What if the teachers had to pass standardized practical exams to demonstrate that they are capable of administering appropriate educational interventions and understand the importance of following standardized protocol? What would happen if school administrators' salaries were tied to yearly, documented performance scores of their teachers in proper, standardized administration of research-validated reading programs? Physicians, psychologists, plumbers, and electricians have to pass exams to prove that they have a command of the essential techniques of their profession before they are allowed to practice independently. Why not teachers and administrators?

High stakes testing for "student failure?" It doesn't make sense to me.

Tuesday, October 16, 2007

Virtual Magnifying Glass

Virtual Magnifying Glass 3.3 is a free, open source magnifying glass for Windows and Linux. Finally, a quick magnifier when you want to read one of those tiny icons or Windows notifications, but don't need a screen reader with the magnifier. Try it, it's also fun!

Increasing size of text (font) on web browsers and email

Today I found this website that gives instructions for increasing the size of the text (font) in various web browsers. For those with vision difficulties, a bigger text sometimes helps.

Here's what the site says:

This site is designed with you in mind.
You can control the size of the text on every page.

Here's how:

Choose whether you wish to enlarge fonts throughout your computer system or only for this and other web sites.

Please select the type of browser you use —
Internet Explorer

Firefox (Saltmeadow’s pick for best browser)

Netscape 6 or newer (or Mozilla/Beonex)


Other (including AOL)

Monday, October 15, 2007

Introducing Tech Psychologist's Guide™ to Technology and Access Tools

It's Here!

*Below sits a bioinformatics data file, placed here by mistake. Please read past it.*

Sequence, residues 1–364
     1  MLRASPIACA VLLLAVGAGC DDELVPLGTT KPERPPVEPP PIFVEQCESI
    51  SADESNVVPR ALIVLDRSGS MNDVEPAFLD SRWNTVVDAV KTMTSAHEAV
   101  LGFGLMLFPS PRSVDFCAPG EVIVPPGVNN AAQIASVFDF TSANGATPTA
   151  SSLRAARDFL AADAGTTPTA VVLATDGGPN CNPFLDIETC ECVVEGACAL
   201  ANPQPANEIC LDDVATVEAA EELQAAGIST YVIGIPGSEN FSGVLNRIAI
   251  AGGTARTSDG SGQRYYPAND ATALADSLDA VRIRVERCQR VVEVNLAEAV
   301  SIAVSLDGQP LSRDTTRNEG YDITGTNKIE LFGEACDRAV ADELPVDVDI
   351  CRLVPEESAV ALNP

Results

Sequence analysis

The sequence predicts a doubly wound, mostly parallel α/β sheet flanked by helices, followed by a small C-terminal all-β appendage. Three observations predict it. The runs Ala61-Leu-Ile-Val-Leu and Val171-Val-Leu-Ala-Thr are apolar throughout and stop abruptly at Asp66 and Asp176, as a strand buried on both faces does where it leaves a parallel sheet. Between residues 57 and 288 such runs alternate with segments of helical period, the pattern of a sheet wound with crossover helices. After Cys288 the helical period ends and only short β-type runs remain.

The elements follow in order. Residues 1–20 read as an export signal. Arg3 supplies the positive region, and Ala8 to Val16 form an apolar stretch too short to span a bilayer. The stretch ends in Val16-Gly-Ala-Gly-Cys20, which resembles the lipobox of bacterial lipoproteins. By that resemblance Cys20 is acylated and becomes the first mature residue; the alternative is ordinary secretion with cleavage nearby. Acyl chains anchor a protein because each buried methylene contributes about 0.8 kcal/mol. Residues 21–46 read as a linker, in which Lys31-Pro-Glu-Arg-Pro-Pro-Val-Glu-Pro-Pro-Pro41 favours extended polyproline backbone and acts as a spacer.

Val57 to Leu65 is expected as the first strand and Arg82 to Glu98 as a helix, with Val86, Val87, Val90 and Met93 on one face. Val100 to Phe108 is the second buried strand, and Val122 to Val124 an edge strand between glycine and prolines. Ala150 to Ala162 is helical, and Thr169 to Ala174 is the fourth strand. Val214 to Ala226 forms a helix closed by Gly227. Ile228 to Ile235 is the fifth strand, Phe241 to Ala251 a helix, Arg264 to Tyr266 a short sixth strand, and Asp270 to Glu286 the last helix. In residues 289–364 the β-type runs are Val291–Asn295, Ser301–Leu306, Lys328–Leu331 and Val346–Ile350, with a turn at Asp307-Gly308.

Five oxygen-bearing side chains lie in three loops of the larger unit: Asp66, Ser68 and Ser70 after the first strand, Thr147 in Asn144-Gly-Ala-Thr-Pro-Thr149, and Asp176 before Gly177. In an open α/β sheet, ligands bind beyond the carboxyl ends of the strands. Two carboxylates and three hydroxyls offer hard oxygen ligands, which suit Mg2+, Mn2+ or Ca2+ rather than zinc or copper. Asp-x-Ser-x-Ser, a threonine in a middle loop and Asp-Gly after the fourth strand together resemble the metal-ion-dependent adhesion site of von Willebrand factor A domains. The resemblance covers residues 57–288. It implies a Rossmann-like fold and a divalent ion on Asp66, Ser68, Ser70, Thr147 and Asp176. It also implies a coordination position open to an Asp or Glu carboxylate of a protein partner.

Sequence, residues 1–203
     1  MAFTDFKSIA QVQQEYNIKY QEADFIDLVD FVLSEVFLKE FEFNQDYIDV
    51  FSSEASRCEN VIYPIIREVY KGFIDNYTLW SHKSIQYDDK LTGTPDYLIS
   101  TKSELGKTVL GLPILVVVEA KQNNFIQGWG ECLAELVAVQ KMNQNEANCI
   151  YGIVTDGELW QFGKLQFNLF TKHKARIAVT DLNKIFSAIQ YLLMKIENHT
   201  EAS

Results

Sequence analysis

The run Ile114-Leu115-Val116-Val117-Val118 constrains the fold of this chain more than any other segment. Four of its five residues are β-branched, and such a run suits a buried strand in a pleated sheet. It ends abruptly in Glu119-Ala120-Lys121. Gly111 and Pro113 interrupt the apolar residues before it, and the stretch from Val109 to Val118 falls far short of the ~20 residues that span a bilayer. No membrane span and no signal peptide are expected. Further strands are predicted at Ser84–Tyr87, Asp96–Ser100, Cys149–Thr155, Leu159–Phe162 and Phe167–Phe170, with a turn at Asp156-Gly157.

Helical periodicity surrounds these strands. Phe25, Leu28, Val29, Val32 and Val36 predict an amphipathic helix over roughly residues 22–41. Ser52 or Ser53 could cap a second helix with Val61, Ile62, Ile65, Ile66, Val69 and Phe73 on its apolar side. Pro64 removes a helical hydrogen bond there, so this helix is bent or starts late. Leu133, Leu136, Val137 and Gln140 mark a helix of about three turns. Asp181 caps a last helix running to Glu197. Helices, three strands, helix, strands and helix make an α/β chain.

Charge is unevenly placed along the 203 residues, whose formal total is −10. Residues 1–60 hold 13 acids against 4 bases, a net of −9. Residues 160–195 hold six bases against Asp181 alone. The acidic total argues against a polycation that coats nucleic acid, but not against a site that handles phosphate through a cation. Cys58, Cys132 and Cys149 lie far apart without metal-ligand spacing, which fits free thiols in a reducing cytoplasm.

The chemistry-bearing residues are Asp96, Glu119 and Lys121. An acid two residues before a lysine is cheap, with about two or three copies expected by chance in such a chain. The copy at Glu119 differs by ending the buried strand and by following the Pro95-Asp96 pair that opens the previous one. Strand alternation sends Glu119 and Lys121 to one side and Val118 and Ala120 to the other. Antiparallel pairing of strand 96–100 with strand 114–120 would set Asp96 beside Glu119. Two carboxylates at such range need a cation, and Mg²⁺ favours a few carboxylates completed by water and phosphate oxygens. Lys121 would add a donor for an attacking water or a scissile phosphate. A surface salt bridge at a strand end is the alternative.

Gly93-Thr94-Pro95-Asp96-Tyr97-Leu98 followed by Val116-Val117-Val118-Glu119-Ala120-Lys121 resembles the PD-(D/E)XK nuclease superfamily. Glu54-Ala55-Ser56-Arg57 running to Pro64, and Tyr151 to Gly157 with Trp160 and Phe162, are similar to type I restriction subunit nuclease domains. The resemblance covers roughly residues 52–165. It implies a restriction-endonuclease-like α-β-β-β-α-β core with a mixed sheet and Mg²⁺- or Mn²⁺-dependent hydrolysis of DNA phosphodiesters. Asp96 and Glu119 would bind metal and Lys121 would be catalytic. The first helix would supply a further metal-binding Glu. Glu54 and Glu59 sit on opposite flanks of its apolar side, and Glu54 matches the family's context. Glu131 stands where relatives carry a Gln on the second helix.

Finally, a book to help families find the right technology to accommodate reading disorders (dyslexia) and other disabilties!

This book is available at my publisher

Also available at Powell's and other online retailers

To see more information about this book, please visit my website at

Can a pencil grip be viewed as assistive technology? Can a book about accessing technology be viewed as assistive technology? Can a research approach and methodology be made accessible to individuals and families? Tech Psychologist’s Guide™ to Technology and Access Tools integrates technology information geared to individuals and parents as well as teachers. It explores the traditional special education system and goes beyond, to guide families raising children as motivated, knowledgeable, and contributing members of society. This book asks whether what we’re asking the student to do is developmentally appropriate, that is, does the student have the same opportunities to learn as his peers in a manner to allow dignity and future growth? This guide is the first book to bring technology tools and strategies to students and their parents as well as educators. Since accessing and acquiring knowledge in school is a major barrier for those with disabilities, this book features technology strategies for curricula and an approach to making learning accessible for students with a wide range of disabilities. Beckman’s emphasis on using practical tools combined with the DIMS Approach™ helps families bring about educational changes by asking the question, Does It Make Sense?

To receive notification when this book is available, please visit my website at

Sunday, October 14, 2007

IBIDA Conference

Sunday, October 14

At the Illinois Branch of the International Dyslexia Association (IBIDA) conference last week, I presented information about how students of all ages (from preschool through the senior years) can benefit from technology to access the Internet, textbooks, and any aspect of mainstream classrooms. While there, I met an amazing group of dedicated teachers, parents, and professionals who were excited to see how technology allows individuals to be appropriately accommodated so that they can become active members and contributors of their mainstream learning and living community rather than being peripheral onlookers and segregated in self-contained classrooms.

Tuesday, October 2, 2007

Camera Mouse Program

Control of a mouse by moving your head!

Camera Mouse is a program that allows you to control the mouse pointer on a Windows computer just by moving your head.

The program was developed to help people with disabilities use the computer. The main audience for this program is people who do not have reliable control of a hand but who can move their head. People with Cerebral Palsy, Spinal Muscular Atrophy, ALS, Multiple Sclerosis, various neurological disorders use this program and its predecessors to run all types of computer software.

Camera Mouse works as a mouse replacement system for Windows computers so it should work with just about any application program. For example people use Camera Mouse with entertainment programs, education programs, communication programs, web browsers, and so on.

For more information, including information about on screen keyboarding that you can use with this camera mouse, please go to